An n-way set associative cache is a cache that is chopped up in sections called sets. And each set can hold n-blocks.
A cache-address can be broken up up in 3 parts.
- the offset within the block
- the index that identifies the set
- the tag that identifies the block in the set.
When a request comes in, the index is calculated to identify the set. Then the tags of all blocks in the set are checked. And when a block with a matching tag is found, the right bytes are returned based on the offset.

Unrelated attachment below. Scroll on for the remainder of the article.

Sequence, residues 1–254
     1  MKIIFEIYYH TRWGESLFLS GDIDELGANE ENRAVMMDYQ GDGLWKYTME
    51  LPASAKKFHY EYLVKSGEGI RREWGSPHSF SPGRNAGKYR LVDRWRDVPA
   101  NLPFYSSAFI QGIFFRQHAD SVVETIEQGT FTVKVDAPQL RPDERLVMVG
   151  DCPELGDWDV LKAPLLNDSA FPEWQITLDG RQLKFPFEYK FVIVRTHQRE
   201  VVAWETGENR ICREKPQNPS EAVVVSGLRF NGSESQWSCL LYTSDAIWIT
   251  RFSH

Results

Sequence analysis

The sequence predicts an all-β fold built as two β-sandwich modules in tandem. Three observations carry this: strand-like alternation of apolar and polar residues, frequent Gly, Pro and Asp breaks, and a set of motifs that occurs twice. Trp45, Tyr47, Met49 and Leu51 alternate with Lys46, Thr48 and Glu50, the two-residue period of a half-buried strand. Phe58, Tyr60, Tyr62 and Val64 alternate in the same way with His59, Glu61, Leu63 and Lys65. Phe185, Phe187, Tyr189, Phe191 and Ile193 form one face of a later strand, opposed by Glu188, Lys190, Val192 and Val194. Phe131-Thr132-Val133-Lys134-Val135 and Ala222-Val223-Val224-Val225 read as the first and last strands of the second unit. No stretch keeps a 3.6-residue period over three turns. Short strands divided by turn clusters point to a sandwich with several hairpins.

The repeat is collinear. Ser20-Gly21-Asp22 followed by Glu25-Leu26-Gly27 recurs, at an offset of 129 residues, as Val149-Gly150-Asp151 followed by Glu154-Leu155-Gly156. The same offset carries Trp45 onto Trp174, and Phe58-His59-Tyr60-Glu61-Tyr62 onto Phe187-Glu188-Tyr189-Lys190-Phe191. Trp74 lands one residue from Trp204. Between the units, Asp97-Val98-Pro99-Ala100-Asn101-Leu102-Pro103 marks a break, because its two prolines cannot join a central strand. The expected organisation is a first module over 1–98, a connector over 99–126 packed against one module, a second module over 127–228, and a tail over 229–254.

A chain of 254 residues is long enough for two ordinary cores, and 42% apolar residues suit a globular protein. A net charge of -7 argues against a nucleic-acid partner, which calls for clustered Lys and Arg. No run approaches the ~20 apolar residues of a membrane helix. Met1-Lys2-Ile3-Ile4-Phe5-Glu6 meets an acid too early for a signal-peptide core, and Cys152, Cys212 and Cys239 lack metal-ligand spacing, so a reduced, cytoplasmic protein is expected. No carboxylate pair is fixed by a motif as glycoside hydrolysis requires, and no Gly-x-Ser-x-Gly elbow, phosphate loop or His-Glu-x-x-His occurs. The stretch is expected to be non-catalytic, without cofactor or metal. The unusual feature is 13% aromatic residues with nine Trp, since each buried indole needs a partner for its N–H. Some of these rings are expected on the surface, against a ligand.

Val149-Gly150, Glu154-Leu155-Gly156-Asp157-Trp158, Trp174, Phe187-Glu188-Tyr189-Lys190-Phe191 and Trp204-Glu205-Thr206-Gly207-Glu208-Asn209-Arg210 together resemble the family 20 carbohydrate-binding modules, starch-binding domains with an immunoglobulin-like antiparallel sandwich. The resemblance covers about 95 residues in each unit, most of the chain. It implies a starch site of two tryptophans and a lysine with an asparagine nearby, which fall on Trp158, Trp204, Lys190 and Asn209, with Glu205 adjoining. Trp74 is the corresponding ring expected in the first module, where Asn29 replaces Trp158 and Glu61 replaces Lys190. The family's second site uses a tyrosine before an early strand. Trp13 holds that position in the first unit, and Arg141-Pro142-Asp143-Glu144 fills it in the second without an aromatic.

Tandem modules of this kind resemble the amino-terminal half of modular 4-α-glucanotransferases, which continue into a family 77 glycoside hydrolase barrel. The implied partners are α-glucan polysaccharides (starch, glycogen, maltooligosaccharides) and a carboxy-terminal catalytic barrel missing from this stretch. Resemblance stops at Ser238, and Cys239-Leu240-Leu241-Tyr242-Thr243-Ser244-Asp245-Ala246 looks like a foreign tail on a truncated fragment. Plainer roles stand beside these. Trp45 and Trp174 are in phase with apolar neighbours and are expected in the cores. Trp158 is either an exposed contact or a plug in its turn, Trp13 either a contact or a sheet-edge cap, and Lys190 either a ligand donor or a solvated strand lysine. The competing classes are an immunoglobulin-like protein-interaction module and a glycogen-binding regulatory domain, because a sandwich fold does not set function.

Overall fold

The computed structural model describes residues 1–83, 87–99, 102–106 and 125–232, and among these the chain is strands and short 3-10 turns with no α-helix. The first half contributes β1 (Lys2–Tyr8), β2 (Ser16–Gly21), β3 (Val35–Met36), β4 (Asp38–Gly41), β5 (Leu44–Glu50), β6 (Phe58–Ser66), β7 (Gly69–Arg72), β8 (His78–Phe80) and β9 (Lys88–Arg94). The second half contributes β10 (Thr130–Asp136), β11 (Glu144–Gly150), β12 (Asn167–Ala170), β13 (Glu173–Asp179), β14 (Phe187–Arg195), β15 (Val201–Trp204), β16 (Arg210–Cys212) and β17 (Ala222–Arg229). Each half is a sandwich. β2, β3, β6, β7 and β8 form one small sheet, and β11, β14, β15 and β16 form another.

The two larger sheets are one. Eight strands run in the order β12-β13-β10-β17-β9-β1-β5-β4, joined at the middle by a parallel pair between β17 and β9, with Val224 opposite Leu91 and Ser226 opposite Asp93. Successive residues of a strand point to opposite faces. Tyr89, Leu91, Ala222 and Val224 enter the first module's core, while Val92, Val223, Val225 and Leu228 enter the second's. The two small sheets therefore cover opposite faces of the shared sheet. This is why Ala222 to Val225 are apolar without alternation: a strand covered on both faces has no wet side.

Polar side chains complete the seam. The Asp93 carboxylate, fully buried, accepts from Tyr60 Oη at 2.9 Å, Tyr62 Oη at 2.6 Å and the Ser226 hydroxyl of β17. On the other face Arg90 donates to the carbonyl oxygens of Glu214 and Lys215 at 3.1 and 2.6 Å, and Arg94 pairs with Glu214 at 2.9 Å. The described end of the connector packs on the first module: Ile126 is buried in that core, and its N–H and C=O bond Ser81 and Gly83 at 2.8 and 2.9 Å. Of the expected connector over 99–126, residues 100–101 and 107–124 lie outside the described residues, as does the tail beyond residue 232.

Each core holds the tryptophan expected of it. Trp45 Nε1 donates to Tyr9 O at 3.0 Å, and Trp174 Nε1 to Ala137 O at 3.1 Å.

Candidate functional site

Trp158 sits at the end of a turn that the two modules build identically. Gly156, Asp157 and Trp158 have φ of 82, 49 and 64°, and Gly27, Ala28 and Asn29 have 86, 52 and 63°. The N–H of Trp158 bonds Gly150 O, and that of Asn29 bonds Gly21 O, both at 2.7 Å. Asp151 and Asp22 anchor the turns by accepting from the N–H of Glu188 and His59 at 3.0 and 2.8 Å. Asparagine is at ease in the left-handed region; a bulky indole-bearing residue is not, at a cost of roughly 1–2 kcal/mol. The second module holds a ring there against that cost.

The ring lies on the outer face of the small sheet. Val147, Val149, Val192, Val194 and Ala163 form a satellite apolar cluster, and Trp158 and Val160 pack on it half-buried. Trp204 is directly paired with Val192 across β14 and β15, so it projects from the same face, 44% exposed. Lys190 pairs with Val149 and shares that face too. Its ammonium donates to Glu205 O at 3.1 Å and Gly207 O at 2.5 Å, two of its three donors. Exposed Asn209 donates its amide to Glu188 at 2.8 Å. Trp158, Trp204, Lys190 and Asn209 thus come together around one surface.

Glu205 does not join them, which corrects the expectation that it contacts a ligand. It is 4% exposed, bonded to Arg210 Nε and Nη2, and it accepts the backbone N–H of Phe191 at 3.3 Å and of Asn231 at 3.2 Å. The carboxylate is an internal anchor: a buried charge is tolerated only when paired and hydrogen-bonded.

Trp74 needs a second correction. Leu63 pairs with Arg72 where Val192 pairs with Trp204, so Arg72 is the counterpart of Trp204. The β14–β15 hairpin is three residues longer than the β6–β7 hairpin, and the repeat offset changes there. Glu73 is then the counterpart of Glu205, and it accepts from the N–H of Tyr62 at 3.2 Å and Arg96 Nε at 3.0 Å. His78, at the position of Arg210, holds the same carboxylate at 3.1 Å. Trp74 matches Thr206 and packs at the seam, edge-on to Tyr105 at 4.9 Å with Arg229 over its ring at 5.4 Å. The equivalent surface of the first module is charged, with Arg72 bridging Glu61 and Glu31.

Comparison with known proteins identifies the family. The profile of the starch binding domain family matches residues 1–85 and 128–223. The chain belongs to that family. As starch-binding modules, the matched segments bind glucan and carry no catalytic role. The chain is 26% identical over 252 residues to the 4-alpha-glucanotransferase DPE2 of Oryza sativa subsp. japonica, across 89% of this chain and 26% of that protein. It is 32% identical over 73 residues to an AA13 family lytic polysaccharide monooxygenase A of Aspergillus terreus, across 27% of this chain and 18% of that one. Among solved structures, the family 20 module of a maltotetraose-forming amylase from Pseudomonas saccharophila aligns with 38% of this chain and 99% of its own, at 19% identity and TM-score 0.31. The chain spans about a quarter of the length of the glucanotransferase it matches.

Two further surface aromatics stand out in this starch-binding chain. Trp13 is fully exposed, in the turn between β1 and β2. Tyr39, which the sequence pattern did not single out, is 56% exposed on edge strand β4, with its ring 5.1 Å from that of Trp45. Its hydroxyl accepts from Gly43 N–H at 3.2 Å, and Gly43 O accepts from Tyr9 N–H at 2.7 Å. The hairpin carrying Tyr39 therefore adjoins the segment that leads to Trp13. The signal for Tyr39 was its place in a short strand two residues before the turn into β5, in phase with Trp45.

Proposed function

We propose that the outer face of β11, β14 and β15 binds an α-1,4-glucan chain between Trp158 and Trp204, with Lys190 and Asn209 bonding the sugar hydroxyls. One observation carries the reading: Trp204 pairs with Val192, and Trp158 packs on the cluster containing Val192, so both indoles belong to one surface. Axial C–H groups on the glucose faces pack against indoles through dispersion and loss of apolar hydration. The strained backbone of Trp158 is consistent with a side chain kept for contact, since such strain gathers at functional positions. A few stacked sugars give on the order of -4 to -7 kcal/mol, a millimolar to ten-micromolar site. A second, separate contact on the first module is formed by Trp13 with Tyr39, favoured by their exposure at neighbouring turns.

A direct mapped cached is effectively a 1 way set associative cache.
So associativity doesn't mean the number of blocks the cache can hold, but the number of blocks a set within the cache can hold.
The big advantage of a n-way set associative cache compared to a direct mapped cache, is the latter can only have a single block for a set of addresses and the former can hold multiple blocks for a set of addresses.